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The sun's three major zones are the core (where nuclear reactions generate energy), the radiative zone (where energy travels outward by radiation), and the convection zone (where convection currents move energy to the surface). The flare, sunspots and prominence are clipped from SOHO images.

Courtesy: NASA/SOHO

 

 

 

 

 

 

 

 

 

 

 

 

 

 

 

 

 

 

 

 

 

This sketch illustrates how sound waves propagate through the Sun's interior. Only waves with specific combinations of period and horizontal wavelength resonated within the Sun. The precise combinations are related to the Sun's interior structure.... Measurements of the Sun's oscillations provide a window into the invisible interior of the Sun allowing scientists to infer the structure and composition as well as the rotation and dynamics of the solar interior. to the line of sight.

Courtesy NASA

 

   

The sun's core is about 16 million degrees centigradePure energy
The sun may look calm and placid, glowing yellow on a hazy afternoon, but placid hardly describes a ball of blistering-hot matter that's cranking out energy at the rate of 92 billion megatons every second.

You read that number right. A gigantic fusion engine in the sun's core is combining hydrogen atoms into helium atoms. And we're talking big. Every second, 700 million tons of hydrogen fuse into helium -- and five million tons is converted into energy, heating the core to about 16 million degrees centigrade.

Fusion releases so much energy that the rest of the sun has a major job in simply distributing that energy. Like a Vidalia onion, or the Earth, the sun is built of layers. The core is where fusion takes place; the energy created then passes as electromagnetic energy through the radiative zone. The convective zone, in turn, acts like molasses boiling in a moonshiner's kettle: The hotter fluid rises to the surface and the cooler fluid sinks back down to be reheated. These convection cells, as they are called, are about as big as Texas in area, but they're hotter than XXX Southwestern Special chili sauce.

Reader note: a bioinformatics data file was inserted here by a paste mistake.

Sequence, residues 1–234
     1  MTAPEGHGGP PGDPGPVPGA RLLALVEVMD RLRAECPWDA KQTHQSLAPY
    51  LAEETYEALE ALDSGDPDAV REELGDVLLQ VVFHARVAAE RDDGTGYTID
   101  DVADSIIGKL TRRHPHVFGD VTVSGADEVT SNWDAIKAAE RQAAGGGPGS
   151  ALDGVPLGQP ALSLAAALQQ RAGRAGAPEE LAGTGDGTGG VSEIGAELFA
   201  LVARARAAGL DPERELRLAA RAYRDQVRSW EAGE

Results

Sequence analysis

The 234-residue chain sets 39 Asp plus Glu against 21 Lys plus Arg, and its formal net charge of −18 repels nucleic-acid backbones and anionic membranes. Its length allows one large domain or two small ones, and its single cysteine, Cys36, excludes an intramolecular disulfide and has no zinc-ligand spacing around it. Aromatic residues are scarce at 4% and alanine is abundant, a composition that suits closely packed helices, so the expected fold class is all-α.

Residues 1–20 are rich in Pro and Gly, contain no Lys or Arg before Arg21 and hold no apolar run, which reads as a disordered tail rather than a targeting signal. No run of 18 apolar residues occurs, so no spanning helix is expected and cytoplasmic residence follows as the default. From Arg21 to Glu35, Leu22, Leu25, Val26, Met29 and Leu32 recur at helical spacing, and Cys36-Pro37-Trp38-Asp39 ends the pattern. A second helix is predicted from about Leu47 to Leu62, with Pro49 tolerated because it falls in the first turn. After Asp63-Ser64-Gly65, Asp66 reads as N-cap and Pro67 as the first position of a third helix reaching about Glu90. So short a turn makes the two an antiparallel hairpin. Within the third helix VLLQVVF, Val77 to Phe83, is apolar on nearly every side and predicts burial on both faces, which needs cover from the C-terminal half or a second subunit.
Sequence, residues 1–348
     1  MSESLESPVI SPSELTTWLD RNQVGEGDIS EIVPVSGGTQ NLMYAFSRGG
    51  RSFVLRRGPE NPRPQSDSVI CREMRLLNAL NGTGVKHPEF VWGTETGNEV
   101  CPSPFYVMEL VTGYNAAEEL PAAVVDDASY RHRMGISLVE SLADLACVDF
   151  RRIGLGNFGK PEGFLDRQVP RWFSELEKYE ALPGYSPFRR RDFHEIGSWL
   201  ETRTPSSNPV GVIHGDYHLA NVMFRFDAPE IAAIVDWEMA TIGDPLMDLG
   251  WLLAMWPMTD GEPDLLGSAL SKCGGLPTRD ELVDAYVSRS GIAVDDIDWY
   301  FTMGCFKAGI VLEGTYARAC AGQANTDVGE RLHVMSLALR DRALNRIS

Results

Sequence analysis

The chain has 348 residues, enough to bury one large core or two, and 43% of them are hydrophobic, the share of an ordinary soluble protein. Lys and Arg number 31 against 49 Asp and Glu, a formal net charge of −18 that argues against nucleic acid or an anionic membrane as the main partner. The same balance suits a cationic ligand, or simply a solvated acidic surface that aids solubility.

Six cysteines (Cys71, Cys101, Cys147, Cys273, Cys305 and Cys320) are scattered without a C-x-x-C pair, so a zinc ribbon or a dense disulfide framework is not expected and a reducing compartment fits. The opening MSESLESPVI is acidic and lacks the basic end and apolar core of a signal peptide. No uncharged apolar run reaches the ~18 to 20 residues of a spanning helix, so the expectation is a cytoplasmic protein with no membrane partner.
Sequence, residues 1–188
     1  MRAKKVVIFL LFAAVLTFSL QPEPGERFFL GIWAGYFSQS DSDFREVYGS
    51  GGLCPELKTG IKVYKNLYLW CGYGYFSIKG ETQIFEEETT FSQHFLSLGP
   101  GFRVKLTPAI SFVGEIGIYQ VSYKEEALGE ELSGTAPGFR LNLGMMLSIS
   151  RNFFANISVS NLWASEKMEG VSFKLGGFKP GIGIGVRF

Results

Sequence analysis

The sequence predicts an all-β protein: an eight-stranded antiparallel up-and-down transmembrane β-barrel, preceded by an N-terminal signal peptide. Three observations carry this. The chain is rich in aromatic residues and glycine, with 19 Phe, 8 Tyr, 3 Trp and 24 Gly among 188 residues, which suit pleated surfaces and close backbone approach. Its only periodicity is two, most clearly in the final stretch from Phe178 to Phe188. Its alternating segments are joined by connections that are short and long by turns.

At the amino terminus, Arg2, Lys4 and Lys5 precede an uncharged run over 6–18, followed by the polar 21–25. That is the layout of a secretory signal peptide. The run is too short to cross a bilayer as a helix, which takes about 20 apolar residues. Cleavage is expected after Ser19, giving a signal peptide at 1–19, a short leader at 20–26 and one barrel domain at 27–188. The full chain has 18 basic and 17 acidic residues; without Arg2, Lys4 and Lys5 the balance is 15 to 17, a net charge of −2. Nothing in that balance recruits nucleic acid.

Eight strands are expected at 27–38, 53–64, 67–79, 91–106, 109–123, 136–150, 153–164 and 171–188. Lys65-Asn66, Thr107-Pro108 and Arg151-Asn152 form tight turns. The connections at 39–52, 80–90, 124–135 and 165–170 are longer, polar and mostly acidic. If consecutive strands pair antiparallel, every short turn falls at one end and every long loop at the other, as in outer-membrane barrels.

illustration/diagram showing the different zones and parts of the sun

Blast it! Once at the surface, most of that energy is released by radiation. But a small proportion of energy -- and a substantial amount of matter over billions of years -- is carried away by other magnetic phenomena:

The solar wind is a gentle stream of charged particles that, when it reaches Earth's orbit, is moving at about 1 million miles per hour.

Solar prominences are fiery arches that hang above the surface, sometimes for weeks on end. They are best seen on the edge of the sun's disk.

Solar flares are eruptions starting in the corona that disturb the chromosphere below it. The chromosphere got its name when it's reddish color was discovered in the late 1800s. It's a relatively cool 10,000 degrees Celsius.

Coronal mass ejections (CMEs) are giant blobs, often weighing one to ten billions tons (about the mass of Lake Erie) flung into space at a million or so miles an hour. Hot enough to create X-rays, they are formed in a low-density region called the corona. CMEs result in bulletins from the Space Weather Center. CMEs are almost always accompanied by flares, and indeed are probably caused by flares since CMEs seldom occur by themselves.

cutaway sketch/diagram of sunThe relationship between this stuff is not exactly clear, and our view changes fast. "The most diplomatic way to put it is that flares and CME are both manifestations of the same event," says David McKenzie, who studies solar physics at Montana State University. In fact, says Charles Lindsey, an astronomer with the Solar Physics Research Corporation in Tucson, they are all magnetic phenomena, and probably related. "Almost everybody thinks that solar flares, wind, mass ejections, on any scale, have something to do with the magnetic field, but the variety and complexity seems enormous."

Howzee know?
To state the blindingly obvious, the sun is too hot to handle, and so the task of explaining how it worked fell, until recently, to theoreticians. Still, if you stare closely at the sun -- using instruments, not your bare eyes, silly -- you'll see some odd stuff. In 1610, Galileo and others first saw sunspots -- dark objects on the surface. Eventually, it became clear that sunspots wax and wane in an 11-year cycle -- as does the dispersal of solar mass -- the junk that can cause problems on Earth.

Now, after years of speculation, there's finally some actual evidence about the sun's structure, courtesy of the new discipline of helioseismology -- the study of "sunquakes."

Tell me. What goes on inside the sun?

 

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